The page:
Get the most important digital marketing news each day.
Best Practice Pros: How LinkedIn Manages Its Email Programs
Contributor Steve Dille shares tips learned from one of the industry's most prolific email marketers.
At my company, Message Systems, we’ve had the good fortune to work with clients that are among the most effective industry experts at email marketing and customer engagement.
That’s not bragging on our part (well, maybe a little). It’s more of an ode to the intelligence, consistency and audience understanding that inform the email efforts of brands like Marketo, Infusionsoft, Facebook, Yesmail, Twitter, Groupon and many others.
Let’s break down how the “best practice pros” maximize their email programs, starting with one of our customers that understands how email is a critical connectivity tool. That shouldn’t surprise us, because it’s an enterprise built entirely on the premise of connectivity: LinkedIn.
What Marketers Can Learn From The Email Techniques Of Successful Brands
Before we get into LinkedIn’s email tactics, let’s start by considering how the company makes money, because, like all marketing efforts, its email initiatives are aimed at driving revenue. LinkedIn is a social network that aggregates eyeballs, so they need members to come back to the site and to stay engaged.
Bringing members back to the site regularly – to check on job openings, respond to connection requests or see who is viewing their profiles – translates into multiple lines of revenue, including advertising, premium paid subscriptions and specialized services for recruiters and HR professionals.
LinkedIn also acts as a publisher of content on all matters regarding professional development and career advice. To cultivate and sustain all these lines of business, it’s key to alert or remind members that consequential things are happening for them on LinkedIn.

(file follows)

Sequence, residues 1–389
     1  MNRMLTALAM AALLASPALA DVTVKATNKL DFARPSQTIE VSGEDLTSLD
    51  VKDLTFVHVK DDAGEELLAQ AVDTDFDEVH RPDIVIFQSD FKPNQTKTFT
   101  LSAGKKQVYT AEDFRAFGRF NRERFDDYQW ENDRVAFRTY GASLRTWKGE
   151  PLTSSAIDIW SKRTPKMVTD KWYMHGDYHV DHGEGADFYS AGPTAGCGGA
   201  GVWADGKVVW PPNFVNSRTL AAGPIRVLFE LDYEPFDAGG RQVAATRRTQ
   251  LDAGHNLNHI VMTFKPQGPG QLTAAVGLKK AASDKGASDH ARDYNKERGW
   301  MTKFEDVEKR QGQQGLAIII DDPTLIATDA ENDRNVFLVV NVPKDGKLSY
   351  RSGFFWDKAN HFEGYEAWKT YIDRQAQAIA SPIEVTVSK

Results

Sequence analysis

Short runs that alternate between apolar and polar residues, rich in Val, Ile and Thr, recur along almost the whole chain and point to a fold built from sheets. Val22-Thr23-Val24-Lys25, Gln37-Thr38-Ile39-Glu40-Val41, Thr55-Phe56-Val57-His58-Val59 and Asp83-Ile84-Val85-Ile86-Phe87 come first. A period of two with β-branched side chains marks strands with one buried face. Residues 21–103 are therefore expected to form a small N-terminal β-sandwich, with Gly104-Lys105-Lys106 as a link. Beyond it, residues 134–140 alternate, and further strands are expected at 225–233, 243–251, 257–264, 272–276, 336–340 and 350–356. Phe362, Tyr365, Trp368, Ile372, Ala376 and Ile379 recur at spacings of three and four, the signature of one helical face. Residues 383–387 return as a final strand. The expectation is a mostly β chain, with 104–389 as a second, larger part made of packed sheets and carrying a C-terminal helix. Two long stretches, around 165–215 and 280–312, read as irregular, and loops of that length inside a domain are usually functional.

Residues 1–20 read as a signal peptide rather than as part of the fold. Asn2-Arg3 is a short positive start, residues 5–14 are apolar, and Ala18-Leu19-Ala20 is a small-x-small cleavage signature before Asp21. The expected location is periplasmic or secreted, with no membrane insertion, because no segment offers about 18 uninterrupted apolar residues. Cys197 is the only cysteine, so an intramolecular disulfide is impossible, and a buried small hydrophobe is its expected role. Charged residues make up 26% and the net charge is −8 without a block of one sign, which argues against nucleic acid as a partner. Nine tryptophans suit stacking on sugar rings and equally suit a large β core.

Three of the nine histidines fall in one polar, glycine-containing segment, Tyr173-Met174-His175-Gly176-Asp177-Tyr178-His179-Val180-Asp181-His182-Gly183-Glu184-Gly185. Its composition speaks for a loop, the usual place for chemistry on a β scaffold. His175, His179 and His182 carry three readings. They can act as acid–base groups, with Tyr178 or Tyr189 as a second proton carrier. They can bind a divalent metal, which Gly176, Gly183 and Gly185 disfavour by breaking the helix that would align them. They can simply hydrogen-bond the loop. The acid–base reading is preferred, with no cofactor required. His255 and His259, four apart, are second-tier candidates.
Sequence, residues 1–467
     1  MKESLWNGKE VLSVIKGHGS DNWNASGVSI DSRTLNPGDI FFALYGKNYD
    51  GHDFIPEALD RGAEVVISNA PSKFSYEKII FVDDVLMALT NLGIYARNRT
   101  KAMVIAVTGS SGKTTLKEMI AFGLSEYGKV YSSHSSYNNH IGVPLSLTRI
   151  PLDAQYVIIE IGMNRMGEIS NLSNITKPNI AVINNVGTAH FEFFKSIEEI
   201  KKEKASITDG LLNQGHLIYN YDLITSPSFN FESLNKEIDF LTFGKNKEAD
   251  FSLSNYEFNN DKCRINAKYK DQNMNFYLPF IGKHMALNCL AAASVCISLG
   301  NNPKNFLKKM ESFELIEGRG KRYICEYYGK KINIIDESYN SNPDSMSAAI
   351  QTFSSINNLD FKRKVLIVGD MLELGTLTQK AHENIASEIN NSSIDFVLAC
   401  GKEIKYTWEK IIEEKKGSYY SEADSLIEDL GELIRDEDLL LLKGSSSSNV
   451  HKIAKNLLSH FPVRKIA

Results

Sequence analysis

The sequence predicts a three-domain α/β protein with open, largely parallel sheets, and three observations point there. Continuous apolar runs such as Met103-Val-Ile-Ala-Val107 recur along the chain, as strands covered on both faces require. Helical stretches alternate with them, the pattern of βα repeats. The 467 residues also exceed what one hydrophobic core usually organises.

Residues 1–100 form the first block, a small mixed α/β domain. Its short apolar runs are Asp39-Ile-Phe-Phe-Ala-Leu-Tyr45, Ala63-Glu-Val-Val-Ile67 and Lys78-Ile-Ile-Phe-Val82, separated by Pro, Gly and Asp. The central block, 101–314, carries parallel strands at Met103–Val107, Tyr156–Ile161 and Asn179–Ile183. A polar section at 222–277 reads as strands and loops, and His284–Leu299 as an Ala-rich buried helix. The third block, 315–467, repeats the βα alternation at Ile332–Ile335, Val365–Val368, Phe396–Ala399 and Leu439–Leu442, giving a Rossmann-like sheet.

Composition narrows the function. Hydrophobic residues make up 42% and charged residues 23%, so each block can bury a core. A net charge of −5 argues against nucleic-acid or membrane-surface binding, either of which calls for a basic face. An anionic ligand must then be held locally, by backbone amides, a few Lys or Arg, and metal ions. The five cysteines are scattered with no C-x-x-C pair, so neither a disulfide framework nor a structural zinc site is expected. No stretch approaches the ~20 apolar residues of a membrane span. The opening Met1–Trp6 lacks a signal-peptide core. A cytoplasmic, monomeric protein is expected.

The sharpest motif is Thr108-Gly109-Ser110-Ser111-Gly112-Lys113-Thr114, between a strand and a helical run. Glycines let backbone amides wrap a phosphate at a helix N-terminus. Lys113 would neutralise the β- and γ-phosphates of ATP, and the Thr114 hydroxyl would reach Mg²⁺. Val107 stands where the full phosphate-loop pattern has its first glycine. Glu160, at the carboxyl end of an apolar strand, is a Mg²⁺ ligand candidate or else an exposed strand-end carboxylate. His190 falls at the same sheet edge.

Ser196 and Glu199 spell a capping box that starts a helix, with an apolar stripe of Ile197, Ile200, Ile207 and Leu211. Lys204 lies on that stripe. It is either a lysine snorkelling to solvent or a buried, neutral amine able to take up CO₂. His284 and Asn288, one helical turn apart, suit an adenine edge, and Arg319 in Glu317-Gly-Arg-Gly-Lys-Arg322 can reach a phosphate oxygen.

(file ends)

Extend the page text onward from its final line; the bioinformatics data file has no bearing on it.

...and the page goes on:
So it’s no exaggeration to say that email is absolutely fundamental to the success of LinkedIn. Anyone who’s signed up with the world’s largest professional network knows there’s a diverse range of points of contact with the platform and the community that are driven through email. “But,” you may be saying, “I’m an email marketer, not a social network.”
There are plenty of techniques LinkedIn uses, however, that marketers can adopt or emulate to drive results. Let’s look at some, and then we’ll see how they function as part of a holistic set of best practices.
1. LinkedIn Invitations — See Len’s Connections, Experience & More
I’ve been notified that I’ve grown my network, and that I’ve now got access to valuable information about this new connection.
This is a good time to mention that LinkedIn offers a great deal of settings customization around push notifications, right down to who can send you messages, and how often.
Giving members those choices obviously helps them feel empowered, since they’re the ones who set those filters. That sense of control can actually make a user feel more engaged with a platform.
2. Stacy Has Endorsed You!
A past or present coworker has endorsed you.
Since LinkedIn is the modern medium for establishing your professional reputation and credentials, it’s important to stay on top of endorsements.
Each email like this also reminds us LinkedIn is the place where our professional stature exists in the eyes of the public. Plus, it creates a positive emotional response: who doesn’t like a compliment? So maybe I’ll give one in return.
Reactions and actions like invitations and endorsements are what drive the overall activity and growth of the LinkedIn community.
3. LinkedIn Updates – Congratulate John
One of my connections is celebrating a work anniversary or has a new job, so I’m invited to reach out to compliment him — and it’s as easy as clicking on a button.
So I’m building community ties, enabled by LinkedIn.
Marketers in the retail or consumer brand realm similarly can reengage with customers using the same technique. Has it been six months since a customer made a purchase? Mark the occasion with 10% discount offer or similar anniversary-themed message.